Bedelia, a newly remarried beautiful widow, is on honeymoon in Monte Carlo. A painter approaches her inquiring about her past. When she and her husband go back to England the artist will soon be there. Danger, crime and truth will follow.
Barry K. Barnes
Julia Ross secures employment, through a rather nosy employment agency, with a wealthy widow, Mrs. Hughes, and goes to live at her house. 2 days later, she awakens - in a different house, ... See full summary »
A girl from an impoverished family is jilted by her rich fiance, whose father doesn't approve. She decides to take revenge against them, and determines to let nothing or no one stop her from getting to the top.
Super ambiance, dark and clever stuff, nothing brilliant beyond the visuals
The Madonna's Secret (1946)
A psycho-mystery that broods and clunks along pretty well but too much a twist on a twist kind of movie. In fact, it's so obvious that the main character, a tortured artist, is suspected from the first minute, you know something else is up. What you don't suspect is what, and so by the end there is that final twist. I suppose this should or could have been a Vincent Price Gothic chiller, but in the hands of the leading man, Francis Lederer, it's a dark and serious affair. No camp allowed.
This comes near the end of director William Thiele's B-movie career (followed by a slew of Lone Ranger t.v. episodes and then, a step sideways for 36 shows of Cavalcade of America, a staple of 1950s American middlebrow normalcy). So we might be glad the movie is as good as it is, and I think the main reason is ace cinematographer John Alton. There are subtle movements of the camera that make an ordinary conversation take on depth, at least in terms of mise-en-scene. And the truly dramatic lighting (including some obvious back projection stuff of Lederer speeding in a boat at night) is great just to watch.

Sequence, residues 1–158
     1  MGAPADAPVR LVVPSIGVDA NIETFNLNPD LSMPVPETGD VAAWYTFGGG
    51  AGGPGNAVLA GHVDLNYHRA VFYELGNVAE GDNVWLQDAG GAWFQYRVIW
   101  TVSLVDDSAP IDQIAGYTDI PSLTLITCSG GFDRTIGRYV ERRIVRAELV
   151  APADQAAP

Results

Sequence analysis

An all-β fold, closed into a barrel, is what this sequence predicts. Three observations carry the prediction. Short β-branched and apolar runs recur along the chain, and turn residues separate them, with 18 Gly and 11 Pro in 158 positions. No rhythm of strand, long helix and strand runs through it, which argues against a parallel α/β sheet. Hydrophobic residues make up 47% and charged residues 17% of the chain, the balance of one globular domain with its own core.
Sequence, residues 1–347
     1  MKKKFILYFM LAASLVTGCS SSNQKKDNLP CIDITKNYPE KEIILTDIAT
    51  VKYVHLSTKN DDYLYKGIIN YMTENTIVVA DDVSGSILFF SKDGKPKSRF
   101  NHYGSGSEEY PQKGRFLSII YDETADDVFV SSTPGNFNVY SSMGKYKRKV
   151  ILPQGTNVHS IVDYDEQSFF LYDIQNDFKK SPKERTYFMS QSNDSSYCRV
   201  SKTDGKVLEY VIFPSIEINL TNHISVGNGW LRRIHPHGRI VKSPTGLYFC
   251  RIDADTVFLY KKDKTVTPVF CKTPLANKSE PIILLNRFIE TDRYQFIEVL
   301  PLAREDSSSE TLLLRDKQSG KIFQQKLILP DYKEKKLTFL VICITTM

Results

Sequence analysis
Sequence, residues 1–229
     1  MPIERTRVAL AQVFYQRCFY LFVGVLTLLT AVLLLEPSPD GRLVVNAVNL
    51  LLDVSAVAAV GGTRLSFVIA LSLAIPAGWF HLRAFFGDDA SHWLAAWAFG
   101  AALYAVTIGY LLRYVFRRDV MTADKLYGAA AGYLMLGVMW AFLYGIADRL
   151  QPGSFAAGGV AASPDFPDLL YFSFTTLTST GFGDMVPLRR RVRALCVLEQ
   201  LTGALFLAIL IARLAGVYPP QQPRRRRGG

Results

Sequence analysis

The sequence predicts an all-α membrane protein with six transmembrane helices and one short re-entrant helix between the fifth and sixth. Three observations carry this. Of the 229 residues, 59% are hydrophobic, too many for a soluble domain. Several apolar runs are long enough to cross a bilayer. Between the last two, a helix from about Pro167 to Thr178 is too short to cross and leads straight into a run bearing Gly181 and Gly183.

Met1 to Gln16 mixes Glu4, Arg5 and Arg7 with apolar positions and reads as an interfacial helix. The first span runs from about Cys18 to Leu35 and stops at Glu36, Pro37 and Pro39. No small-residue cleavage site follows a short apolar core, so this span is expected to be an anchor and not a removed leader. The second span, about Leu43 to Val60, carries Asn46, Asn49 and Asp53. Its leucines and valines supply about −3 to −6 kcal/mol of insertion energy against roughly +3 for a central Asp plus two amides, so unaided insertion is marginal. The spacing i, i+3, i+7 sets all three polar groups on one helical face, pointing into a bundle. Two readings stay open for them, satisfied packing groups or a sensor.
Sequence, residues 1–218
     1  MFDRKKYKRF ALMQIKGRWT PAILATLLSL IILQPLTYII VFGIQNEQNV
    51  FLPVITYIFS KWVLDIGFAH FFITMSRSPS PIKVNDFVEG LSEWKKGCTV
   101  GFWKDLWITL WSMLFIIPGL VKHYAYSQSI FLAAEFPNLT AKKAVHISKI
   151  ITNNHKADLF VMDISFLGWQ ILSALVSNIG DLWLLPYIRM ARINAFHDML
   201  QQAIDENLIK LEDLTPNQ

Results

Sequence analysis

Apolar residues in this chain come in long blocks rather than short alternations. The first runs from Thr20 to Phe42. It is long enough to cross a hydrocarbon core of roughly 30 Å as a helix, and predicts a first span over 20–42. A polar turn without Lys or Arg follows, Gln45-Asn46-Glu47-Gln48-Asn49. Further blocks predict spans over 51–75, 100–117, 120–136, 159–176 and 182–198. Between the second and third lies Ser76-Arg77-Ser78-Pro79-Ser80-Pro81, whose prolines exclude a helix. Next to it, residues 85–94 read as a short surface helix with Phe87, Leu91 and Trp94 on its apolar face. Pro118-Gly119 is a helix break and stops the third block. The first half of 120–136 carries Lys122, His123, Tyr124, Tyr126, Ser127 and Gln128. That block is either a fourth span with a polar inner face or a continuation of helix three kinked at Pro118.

The series of women who pose and/or get themselves killed is curious--they do all look the same at a glance--and might have been more fun if extended a bit more. That is, they are all relatively cardboard characters, including the main character, who can't get out of his angst filled cliché, and so we can't really get involved emotionally in their fates. We just watch. And so thank you Mr. Alton for making that watching worth the ride. If you don't give a hoot about lights and camera, give this a by.
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